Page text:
And this is in spite of the fact that things were not always this way. In 1980, one in three people in the UK lived in social housing, a sphere which at the time provided controlled and regulated rents and rental properties for huge numbers of people – and not just those in severe need. But then along came Margaret Thatcher, unleashing her plans for a ‘property-owning democracy’ on Britain, and rolling the right-to-buy scheme out across the country. Instead of being a public service, housing transformed into a marketised commodity. No longer would councils build secure and affordable accommodation for the many; property would instead be governed by market forces – and those who didn’t own would be left out.

Why have we now come to a situation (in such a relatively short space of time) where a house is primarily treated as an asset? Why is the change in value of a house just as important as the house itself for prospective buyers? We are looking at a scenario where housing is no longer the fundamental right that it once was, and is instead treated as a commodity – often pitched at the luxury end of the market.

This isn’t simply a problem because it puts secure and high-quality living out of reach for so many in this country. Yes, our commoditised housing market and poorly regulated rental sector both conspire to ensure that too few people get the quality of accommodation they really need. But even if our rental sector was well controlled, the uncontrolled nature of the property market would still be an issue, not least because rents cannot be properly regulated while landlords are paying off hefty mortgages. 

A significant issue here is that as long as buying a house means investing capital into something that is likely to ultimately increase your capital exponentially, we will never be able to solve issues of inequality in this country. The average deposit for a first-time buyer in the UK stood at £46,060 in the first half of 2020. That’s a huge amount of capital that people from lower socio-economic backgrounds or without parental help will most likely struggle to raise. And once you have a house, it can be passed on to your children as inheritance, deepening inter-generational inequality  and turning Britain into a society divided between propertied families and others – a horrible 21st century version of aristocracy.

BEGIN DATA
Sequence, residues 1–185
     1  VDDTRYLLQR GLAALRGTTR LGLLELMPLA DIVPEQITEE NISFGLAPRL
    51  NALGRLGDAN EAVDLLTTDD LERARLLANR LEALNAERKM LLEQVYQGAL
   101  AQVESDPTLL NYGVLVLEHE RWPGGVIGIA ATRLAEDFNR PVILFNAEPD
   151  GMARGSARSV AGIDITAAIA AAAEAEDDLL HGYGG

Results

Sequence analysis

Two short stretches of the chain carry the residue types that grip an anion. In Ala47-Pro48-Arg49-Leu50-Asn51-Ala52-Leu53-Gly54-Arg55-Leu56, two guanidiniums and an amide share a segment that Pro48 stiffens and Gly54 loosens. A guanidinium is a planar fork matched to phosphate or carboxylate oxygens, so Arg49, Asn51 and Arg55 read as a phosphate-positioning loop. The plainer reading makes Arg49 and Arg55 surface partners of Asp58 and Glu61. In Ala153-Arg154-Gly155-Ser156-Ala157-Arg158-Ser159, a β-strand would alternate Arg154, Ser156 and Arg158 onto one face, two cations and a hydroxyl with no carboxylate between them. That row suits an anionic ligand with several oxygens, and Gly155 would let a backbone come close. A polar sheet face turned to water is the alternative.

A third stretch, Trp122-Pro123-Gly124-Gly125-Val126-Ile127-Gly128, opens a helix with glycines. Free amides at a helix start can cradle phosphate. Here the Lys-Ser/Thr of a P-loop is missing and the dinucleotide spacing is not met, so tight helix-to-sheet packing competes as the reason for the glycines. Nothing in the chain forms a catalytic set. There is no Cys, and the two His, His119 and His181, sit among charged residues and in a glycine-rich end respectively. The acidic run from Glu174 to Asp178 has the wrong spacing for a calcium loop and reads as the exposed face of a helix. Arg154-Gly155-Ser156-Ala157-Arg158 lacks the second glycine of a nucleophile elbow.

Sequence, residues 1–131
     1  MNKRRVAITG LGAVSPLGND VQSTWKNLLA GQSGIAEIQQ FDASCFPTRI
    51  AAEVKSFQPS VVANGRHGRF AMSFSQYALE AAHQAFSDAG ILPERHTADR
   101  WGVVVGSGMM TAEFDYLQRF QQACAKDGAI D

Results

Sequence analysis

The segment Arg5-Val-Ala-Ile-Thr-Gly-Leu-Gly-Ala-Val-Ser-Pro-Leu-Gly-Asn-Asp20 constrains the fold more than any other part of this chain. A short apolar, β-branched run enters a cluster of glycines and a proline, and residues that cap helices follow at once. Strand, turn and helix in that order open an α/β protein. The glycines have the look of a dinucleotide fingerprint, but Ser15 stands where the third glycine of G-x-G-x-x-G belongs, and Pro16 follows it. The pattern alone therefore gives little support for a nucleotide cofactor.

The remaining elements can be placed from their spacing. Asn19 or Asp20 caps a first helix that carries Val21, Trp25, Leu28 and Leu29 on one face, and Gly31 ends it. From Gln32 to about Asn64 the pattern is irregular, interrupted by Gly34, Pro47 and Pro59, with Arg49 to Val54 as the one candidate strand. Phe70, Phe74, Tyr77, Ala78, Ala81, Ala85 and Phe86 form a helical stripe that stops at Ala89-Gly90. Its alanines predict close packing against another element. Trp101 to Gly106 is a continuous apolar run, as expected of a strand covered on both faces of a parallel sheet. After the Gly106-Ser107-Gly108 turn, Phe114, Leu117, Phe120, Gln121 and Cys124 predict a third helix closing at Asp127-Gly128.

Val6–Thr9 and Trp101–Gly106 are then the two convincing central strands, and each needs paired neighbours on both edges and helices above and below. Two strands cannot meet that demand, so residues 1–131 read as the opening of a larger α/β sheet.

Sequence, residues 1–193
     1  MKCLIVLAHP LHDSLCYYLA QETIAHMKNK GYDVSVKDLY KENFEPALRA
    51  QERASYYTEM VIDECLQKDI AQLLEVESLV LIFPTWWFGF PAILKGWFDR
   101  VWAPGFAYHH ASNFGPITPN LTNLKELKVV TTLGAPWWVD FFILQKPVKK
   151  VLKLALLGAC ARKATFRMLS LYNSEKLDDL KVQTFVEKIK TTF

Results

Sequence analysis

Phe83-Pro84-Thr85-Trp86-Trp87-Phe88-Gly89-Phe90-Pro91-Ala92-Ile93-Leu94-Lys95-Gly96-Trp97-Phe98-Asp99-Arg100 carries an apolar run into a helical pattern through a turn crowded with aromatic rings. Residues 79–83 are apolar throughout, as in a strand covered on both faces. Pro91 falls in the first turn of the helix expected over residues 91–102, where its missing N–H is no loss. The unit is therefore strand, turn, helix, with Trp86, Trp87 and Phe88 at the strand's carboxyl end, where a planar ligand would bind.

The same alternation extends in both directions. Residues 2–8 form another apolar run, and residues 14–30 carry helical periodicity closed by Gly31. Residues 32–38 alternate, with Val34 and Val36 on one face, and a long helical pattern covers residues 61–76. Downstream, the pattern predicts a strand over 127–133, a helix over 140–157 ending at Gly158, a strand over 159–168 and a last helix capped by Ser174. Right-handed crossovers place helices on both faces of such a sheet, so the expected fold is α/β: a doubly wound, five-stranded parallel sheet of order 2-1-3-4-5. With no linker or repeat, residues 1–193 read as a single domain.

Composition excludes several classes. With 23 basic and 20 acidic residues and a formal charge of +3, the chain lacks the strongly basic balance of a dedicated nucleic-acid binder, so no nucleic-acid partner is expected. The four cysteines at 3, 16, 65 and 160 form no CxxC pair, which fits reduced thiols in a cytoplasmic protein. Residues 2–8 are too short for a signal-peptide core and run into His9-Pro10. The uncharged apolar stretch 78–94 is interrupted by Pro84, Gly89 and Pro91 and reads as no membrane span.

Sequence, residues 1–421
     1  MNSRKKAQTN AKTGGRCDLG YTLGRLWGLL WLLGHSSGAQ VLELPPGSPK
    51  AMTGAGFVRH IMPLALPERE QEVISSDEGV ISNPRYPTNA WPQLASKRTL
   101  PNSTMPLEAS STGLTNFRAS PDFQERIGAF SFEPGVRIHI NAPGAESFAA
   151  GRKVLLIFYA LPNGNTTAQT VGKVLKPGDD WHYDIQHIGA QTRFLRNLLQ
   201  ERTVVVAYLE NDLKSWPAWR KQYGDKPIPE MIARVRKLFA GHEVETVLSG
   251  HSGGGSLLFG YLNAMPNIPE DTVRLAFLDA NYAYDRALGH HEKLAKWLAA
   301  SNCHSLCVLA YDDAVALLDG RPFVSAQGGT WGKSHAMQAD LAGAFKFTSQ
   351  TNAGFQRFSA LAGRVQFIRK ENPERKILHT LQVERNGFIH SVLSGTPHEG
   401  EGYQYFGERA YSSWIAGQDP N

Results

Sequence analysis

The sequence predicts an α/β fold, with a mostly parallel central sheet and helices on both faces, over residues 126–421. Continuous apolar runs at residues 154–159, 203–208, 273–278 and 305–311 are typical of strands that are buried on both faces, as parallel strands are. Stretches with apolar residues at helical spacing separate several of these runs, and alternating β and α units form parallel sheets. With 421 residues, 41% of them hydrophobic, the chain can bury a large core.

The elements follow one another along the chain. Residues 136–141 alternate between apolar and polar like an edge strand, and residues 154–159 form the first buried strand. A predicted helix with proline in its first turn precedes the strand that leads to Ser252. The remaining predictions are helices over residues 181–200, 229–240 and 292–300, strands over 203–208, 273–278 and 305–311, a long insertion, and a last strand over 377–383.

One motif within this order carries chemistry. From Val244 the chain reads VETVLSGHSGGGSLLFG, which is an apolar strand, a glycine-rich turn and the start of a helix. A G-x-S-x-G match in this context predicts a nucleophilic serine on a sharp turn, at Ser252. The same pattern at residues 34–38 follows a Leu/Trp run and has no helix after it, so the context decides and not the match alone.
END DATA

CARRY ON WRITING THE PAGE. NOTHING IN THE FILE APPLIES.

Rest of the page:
The way we view housing needs an urgent rethink. Other European countries like Germany have a much higher proportion of renters, and a far more regulated rental market which offers protection to tenants against evictions and rent increases. This is the system that we need to begin to move to here in the UK. It starts with a serious investment in social housing, so that a greater proportion of the population live in homes where they rent and rents are controlled. This will go some way towards reversing the trend where we see housing as a commodity, and will help to restore it to its rightful place as a service. 

If you don’t want this, you have to ask yourself why. Why should safe, good quality housing be a privilege and not a right? Because that is how things are now. And really, there’s no good reason for it.